Museum to break ground this weekend on CRC

SNOQUALMIE - When visitors start coming to the Northwest Railway Museum's Conservation and Restoration Center (CRC) next year, they won't be able to arrive by car, foot or even horseback. They will have to get there by train.

Richard Anderson, executive director of the museum, said the museum wanted to make the CRC a destination; a place where arriving was never hard but never taken for granted, just as train travel was during its boom in the first part of the 20th century.

"You couldn't drive anywhere," Anderson said. "You had to use a train."

On Aug. 6, the museum will have a ceremony to commemorate the physical beginning of its (CRC) located on Stone Quarry Road in Snoqualmie. Its conceptual beginning goes back seven years, but it languished in its permitting stage for the past five years due to technicalities and complaints brought by landowners near the CRC site. The landowners contested the CRC because they felt it would aggravate environmental problems in the area, but the museum was eventually given the permits to move ahead.

The $1.9 million, 8,300-square-foot facility will house train cars and engines, which the public will be able to view as they are being restored. The CRC will have the capacity to hold 200 track feet of cars (the museum's cars vary in length from 20-90 feet). While there may be some museum-like additions, such as a small interpretive gallery, Anderson said the CRC will basically be a safer, more visitor-friendly version of a working railroad workshop.

Construction is expected to last about a year, and when it first opens the CRC will host visitors brought via train from the museum's depot in Snoqualmie. There will be guided tours on the weekends throughout the year.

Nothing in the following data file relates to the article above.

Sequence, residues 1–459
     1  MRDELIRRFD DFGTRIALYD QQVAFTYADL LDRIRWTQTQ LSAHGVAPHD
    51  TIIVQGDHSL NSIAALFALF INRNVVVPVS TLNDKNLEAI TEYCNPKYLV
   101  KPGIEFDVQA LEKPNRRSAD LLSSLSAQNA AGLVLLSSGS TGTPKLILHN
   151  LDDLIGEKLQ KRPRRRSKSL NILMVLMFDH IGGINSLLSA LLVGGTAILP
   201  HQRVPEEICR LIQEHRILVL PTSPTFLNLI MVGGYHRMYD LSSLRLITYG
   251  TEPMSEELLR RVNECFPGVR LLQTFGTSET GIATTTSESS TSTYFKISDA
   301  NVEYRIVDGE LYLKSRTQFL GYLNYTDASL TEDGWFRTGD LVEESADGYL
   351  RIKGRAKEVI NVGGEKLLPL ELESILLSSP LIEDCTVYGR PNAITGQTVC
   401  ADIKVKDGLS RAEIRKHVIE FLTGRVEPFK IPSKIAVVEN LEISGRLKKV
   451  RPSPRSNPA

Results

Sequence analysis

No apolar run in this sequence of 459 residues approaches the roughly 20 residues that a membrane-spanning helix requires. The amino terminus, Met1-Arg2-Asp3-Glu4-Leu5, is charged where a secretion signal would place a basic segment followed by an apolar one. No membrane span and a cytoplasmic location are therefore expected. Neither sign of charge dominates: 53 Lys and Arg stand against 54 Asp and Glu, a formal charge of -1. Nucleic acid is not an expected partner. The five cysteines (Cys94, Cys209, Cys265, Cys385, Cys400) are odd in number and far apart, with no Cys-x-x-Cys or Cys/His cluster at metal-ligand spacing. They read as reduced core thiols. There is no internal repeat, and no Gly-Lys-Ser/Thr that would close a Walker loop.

Anderson said he has been able to find few visitor-oriented facilities in the nation similar to the museum's planned CRC. He said there is a similar center in Pennsylvania, but it is a publicly-funded facility.

The CRC is only the first of three phases the museum has planned for expansion. Next, the museum would like to build a $1.3-million facility to properly store more of its collection of cars, which currently totals 70. It hopes to build such a facility somewhere on the right of way it owns along Railroad Avenue in Snoqualmie. The structure would be used to store and protect the museum's collection of wooden cars. Many of these cars are sitting outside, exposed to the elements, with little more than a tarp covering them.

The third phase would be a library and archive for the museum's materials that would also house its administrative offices. This $1.1-million facility, which Anderson said is still in the feasibility study stages, would have to built on property yet to be acquired by the museum.

Anderson said the museum estimated that the CRC should host a couple thousand visitors a year. He said it should be a good addition to a city that not only wants to draw a lot of visitors, but would like those visitors to stay longer.

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Editor Ben Cape can be reached at (425) 888-2311 or by e-mail at

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